Like the headline says, it takes time. Very few people squat two hundred kilograms on their first session. Even in their first two years of training. BE patient, practice those two words and you'll be just fine. Same thing goes with movements, you cant drop into a full depth squat with two hundred kilograms as fast as you can. Strength and agility is not about talent, its not about showing, its about what you do to get there and how you stride to take the next step. Thats not just for runners, its for every training method there is. Whether its powerlifting, olympic lifting, crossfit, football, basketball, bodybuilding, ping pong or tennis. Even bridge and golf could be put in these lines, No comments.

I stumbled on an article the other day, the headline said: training glutes for men. I was surprised on how this never crossed my mind before this. I read it through and it was good, i've never in six years of training seen a guy isolate his glutes, or even focus on his glutes. Why is that? Probably cause big biceps and a uneven massive chest and anterior tilt of shoulders are more interesting. But having a flabby and chubby butt is considered ideal? Our glutes is our biggest muscles, as mentioned in the last article, glutes produce power. Power produce testosterone, testosterone equals increased muscle fibres. Increased muscle fibres not just in glutes. The bigger muscles are the more power they produce. Have you ever questioned why compound movements are so much more talked about than for instance long lasting, weak gaining bicep curls. Im not saying they're stupid, they have their place. But they are not as important as your squats, deadlift, bent over row, military press and bench press. which is the five biggest exercises.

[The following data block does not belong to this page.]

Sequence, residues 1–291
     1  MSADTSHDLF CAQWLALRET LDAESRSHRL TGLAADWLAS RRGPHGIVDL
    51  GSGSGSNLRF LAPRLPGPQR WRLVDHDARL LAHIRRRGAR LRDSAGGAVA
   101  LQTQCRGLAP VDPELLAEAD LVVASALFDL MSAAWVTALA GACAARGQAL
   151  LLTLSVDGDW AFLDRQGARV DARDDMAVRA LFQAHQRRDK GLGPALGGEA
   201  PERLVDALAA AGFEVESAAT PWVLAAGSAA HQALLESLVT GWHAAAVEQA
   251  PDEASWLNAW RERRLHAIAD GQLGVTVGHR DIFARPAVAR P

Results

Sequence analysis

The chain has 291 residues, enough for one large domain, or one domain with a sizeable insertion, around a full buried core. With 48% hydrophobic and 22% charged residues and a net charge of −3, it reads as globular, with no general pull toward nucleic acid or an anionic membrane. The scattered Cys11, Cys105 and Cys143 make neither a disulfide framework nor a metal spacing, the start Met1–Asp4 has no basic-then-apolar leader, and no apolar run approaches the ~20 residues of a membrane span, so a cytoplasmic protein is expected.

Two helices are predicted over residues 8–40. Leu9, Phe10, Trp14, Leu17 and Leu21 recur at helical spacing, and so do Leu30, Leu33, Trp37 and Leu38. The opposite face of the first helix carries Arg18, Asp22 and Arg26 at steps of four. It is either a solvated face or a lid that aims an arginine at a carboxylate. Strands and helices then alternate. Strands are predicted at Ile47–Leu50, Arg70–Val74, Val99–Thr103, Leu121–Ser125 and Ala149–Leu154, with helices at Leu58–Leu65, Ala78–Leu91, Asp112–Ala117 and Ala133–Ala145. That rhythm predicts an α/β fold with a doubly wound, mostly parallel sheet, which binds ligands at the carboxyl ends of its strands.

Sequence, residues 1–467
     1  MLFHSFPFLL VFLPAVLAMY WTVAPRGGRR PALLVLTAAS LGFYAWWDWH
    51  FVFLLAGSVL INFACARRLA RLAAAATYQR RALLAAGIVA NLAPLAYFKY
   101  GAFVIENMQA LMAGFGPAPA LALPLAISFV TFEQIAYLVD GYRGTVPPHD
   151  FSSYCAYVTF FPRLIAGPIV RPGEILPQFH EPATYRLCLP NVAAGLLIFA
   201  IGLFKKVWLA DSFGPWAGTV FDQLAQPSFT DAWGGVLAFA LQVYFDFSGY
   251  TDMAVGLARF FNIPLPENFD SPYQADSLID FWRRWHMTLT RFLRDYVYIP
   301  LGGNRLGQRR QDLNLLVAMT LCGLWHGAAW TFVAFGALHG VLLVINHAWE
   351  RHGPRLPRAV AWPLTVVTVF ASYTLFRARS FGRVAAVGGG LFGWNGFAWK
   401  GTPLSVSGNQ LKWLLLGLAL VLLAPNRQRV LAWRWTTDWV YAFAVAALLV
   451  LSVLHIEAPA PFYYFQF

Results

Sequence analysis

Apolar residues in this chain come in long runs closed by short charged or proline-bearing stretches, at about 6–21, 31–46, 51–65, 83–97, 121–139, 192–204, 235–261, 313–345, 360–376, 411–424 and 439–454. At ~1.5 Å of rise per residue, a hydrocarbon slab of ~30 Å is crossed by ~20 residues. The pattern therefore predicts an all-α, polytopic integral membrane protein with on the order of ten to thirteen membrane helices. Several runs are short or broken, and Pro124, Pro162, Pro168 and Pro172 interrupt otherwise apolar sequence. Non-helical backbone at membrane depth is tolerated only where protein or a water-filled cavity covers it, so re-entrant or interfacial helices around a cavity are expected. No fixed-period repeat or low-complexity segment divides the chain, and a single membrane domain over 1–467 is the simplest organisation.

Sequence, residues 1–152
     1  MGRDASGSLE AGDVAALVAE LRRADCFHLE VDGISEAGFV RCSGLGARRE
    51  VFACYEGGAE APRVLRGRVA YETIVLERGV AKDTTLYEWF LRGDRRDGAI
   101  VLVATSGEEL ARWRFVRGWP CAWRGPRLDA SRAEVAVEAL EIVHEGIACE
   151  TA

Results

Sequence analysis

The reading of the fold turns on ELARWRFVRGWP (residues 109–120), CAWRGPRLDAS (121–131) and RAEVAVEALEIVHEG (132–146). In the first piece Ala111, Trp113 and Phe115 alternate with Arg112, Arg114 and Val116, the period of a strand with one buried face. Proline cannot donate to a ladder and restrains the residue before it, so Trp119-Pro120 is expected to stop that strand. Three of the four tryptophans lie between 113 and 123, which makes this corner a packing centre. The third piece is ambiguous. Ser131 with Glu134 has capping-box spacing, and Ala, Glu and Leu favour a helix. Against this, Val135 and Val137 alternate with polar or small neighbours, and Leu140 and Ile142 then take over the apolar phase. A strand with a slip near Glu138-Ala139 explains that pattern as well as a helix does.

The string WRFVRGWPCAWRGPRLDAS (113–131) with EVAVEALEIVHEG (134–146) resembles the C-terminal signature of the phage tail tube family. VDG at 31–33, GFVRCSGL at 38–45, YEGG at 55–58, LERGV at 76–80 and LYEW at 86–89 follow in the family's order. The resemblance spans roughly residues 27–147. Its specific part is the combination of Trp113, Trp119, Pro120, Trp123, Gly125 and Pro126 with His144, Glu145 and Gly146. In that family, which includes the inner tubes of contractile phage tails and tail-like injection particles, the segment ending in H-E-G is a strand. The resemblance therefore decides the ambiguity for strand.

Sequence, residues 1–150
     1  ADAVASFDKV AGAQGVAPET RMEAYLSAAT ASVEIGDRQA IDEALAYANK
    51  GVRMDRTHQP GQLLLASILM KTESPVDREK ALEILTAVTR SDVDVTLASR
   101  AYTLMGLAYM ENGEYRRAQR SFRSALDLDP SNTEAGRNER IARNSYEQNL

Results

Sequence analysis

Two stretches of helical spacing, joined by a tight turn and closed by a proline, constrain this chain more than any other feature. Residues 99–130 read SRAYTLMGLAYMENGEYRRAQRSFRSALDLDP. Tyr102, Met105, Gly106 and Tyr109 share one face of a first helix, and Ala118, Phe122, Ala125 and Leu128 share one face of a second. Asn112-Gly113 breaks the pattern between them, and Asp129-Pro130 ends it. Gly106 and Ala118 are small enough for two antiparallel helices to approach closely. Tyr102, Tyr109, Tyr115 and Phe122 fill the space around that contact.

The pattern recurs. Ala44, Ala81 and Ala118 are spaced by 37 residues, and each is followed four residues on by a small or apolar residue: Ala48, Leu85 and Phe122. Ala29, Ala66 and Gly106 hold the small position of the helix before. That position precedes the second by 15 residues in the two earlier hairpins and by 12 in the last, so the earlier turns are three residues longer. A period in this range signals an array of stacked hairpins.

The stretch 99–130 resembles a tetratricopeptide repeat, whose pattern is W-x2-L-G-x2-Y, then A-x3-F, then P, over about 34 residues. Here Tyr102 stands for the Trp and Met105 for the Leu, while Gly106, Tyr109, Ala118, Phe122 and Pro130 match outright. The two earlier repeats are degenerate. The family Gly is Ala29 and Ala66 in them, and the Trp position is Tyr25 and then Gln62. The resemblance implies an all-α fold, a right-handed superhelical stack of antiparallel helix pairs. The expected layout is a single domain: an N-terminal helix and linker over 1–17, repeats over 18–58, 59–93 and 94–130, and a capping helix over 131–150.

Another argument for training glutes is that your natural body composition will be more efficiently distributed on your feet which causes less stress on your joints and especially lower back. Good shit, huh?

Go compound or go home, stay tuned and stay swole!



Everything power related starts and ends with your hips. Your squats, deadlift and even bench press generate the most power from your hips. The biggest muscles in your body attaches to your hip or pelvis. Whether it is on the front side, back side or simply on the side, your hips plays a big role in exercises. Being a great athlete means utilising your hips as much as possible. Some people even use them in pullups to create more power and making the movement a lot faster. Another example could be the clean and jerk or the snatch where hip movements is everything and nothing. Keeping your hips healthy and strong will also reduce the pressure on your spine and create less traction in your back causing you to maintain healthy for longer period of times. Training your hips in both flexibility, strength and speed will help you become a better athlete cause you will be more efficient in your movements. Being strong is being easy. Carry you home? No, carry myself home. 

Hip exercises:



hip hinge

hip thrust